Heart attacks and heart disease are two of the most common medical conditions faced by millions of patients in the United States each year. However, different diagnoses can lead to very different treatment and monitoring plans. It is crucial to understand the differences between these two conditions in order to receive appropriate treatment and long term care. This will allow you to have better outcomes and improve your quality of living.

The following is an extract from the American Heart AssociationHeart attacks occur when blood flow to your heart is severely reduced or cut off by blockages within the coronary vessels. The heart muscle is deprived of oxygen because it doesn’t have enough blood flow. The severity and extent of a heart attack depends on the amount of blockage and how long it takes to seek medical attention.

A heart attack is a sign that there are serious health issues. “failure”The condition is found in the blood supply to the heart and is known as “heart failure”It is not the same. Heart failure does not necessarily mean the heart has stopped working, despite its name. Heart failure is simply the inability of the heart to pump effectively or efficiently enough to meet the body’s demands. The American Heart Association states that heart failure is when the heart stops pumping enough oxygen and nutrients to cells. This can lead to fatigue and shortness in breath. Because the heart doesn’t pump blood around the body as fast as it should, fluid can back up into the lungs and cause pulmonary edema.

Heart failure is manageable, but it is a chronic condition that cannot be treated. Four types of heart disease are available. The severity of symptoms varies depending on how severe they are. Each stage offers therapy options that can help patients manage their disease.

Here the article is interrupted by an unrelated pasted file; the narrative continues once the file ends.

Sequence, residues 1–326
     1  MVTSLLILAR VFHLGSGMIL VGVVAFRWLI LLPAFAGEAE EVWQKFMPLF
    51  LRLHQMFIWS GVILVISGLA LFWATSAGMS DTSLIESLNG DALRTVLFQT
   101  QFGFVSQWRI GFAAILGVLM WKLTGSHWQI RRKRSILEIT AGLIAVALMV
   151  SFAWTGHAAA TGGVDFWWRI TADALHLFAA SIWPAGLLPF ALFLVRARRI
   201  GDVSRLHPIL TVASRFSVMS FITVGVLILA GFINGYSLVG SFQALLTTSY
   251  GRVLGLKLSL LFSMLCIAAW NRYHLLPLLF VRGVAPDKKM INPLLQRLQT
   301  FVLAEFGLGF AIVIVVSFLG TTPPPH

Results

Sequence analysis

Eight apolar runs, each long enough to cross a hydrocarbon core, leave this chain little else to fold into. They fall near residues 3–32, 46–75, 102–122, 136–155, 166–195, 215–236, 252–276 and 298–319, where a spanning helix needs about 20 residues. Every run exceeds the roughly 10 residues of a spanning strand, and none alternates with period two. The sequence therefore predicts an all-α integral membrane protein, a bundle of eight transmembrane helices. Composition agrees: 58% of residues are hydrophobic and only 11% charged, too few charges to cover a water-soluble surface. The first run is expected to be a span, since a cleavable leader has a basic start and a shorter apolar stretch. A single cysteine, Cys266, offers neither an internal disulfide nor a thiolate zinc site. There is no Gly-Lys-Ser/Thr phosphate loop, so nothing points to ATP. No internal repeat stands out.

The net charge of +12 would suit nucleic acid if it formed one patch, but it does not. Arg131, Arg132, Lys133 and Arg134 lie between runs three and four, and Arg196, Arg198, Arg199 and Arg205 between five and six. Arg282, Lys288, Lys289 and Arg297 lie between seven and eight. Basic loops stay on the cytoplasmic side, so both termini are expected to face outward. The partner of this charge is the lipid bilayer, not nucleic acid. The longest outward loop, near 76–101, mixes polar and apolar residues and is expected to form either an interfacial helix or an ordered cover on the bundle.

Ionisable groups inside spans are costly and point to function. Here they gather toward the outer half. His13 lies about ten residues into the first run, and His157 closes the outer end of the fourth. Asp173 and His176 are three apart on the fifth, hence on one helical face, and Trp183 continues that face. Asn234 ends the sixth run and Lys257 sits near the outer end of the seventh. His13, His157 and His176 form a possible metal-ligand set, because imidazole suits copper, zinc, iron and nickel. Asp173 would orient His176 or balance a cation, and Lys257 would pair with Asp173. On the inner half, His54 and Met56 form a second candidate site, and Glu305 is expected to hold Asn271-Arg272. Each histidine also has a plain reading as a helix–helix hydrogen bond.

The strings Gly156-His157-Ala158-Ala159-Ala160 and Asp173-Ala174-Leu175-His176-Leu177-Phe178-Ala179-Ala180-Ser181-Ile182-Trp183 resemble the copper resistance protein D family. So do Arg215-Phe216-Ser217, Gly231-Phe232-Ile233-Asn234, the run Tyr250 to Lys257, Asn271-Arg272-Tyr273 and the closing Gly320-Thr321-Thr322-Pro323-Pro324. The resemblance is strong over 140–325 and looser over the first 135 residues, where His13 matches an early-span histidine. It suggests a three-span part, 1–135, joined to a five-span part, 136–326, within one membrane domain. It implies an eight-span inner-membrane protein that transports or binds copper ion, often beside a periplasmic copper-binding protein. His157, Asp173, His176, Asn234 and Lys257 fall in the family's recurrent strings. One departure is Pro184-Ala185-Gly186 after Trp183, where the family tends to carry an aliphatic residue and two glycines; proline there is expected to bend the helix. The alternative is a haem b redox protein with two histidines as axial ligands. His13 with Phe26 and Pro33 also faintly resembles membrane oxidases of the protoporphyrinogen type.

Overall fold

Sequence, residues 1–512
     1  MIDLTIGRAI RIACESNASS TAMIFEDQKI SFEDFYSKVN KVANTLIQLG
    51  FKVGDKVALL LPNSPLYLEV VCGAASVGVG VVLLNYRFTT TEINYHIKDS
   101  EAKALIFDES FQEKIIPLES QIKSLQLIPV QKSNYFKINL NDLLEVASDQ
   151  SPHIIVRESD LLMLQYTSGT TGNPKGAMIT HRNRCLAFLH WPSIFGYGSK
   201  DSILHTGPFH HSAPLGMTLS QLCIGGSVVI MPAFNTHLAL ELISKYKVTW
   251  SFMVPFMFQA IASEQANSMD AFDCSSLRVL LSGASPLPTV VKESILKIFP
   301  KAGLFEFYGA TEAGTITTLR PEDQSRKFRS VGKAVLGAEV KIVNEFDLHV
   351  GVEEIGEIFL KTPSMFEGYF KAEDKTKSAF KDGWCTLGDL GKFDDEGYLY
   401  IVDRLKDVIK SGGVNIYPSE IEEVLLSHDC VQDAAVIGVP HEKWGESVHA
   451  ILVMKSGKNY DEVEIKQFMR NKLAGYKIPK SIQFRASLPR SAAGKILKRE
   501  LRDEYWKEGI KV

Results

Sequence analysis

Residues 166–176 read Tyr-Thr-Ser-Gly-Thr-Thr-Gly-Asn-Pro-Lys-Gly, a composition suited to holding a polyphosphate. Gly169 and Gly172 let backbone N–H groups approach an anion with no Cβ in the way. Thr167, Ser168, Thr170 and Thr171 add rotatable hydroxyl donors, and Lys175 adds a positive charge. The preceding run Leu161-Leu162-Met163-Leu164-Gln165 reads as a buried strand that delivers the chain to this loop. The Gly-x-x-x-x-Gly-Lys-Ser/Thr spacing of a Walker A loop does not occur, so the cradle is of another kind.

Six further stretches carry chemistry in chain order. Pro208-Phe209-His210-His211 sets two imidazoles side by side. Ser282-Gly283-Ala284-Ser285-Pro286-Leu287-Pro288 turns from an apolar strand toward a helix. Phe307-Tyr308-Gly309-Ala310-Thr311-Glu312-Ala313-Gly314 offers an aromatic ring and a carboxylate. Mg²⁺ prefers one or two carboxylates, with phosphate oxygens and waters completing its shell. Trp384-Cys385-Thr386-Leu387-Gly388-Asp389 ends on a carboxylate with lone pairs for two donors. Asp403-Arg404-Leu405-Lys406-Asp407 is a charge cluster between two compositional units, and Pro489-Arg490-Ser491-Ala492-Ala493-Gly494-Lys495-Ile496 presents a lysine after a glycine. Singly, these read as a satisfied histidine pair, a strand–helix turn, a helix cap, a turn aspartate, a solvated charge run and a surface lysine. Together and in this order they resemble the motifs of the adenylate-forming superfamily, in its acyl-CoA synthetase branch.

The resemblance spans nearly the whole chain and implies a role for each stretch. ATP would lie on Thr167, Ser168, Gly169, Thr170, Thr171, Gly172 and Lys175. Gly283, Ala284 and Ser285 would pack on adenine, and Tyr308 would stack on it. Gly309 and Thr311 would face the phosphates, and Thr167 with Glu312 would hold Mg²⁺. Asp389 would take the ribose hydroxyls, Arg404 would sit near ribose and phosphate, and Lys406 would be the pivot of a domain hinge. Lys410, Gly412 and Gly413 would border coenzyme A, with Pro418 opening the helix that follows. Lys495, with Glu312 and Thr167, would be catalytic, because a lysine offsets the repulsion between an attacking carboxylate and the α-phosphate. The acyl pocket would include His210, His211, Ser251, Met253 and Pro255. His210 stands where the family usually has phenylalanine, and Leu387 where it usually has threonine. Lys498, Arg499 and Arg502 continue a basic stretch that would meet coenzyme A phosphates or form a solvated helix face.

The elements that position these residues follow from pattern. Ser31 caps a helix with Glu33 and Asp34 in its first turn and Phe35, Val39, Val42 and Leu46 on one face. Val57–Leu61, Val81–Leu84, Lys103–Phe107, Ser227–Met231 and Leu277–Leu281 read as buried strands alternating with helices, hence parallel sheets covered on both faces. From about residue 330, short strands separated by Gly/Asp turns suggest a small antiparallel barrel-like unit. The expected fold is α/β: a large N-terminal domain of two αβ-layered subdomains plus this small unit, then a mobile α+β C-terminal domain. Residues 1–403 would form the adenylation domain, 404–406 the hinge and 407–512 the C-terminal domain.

A doctor might suggest lifestyle changes, such as regular exercise and a low-sodium diet in the initial stages of heart disease. In order to keep the heart beating efficiently, medications and an implanted device (such as a CRT device) may be necessary. CRT technology is a method to synchronize the lower chambers by sending electrical impulses uniquely programmed to stimulate each ventricle and provide optimal cardiac performance. The CardioMEM HF System is a new technology that allows doctors to monitor pressures close to the heart. These can rise weeks before fluid builds up, causing symptoms. By monitoring the pressures closely, doctors can make adjustments to medications to reduce them. This prevents hospitalizations and avoids symptoms. A left-ventricular assist device (LVAD) is an option for late stage heart failure. It’s a mechanical pump that circulates blood to help the heart function properly when it can’t.

All of these options may help with the symptoms so that patients can live fulfilling, meaningful lives. Visit this site for more information www.heartfailureanswers.com.

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Summary: Please review the Instructions of Use before you use any St. Jude Medical device. This includes a list of possible adverse events, warnings and precautions as well as a listing all indications.

Use and Indications: The CardioMEMSHF System can wirelessly measure and monitor the pulmonary artery pressure (PA) and heart rate for New York Heart Association (NYHA), Class III heart failure patients. Physicians use the hemodynamic data to manage heart failure and reduce hospitalizations.

Contraindications – The CardioMEMSHF System is not recommended for patients who cannot take dual antiplatelet and anticoagulants for at least one month following implant.

Potential Adverse Events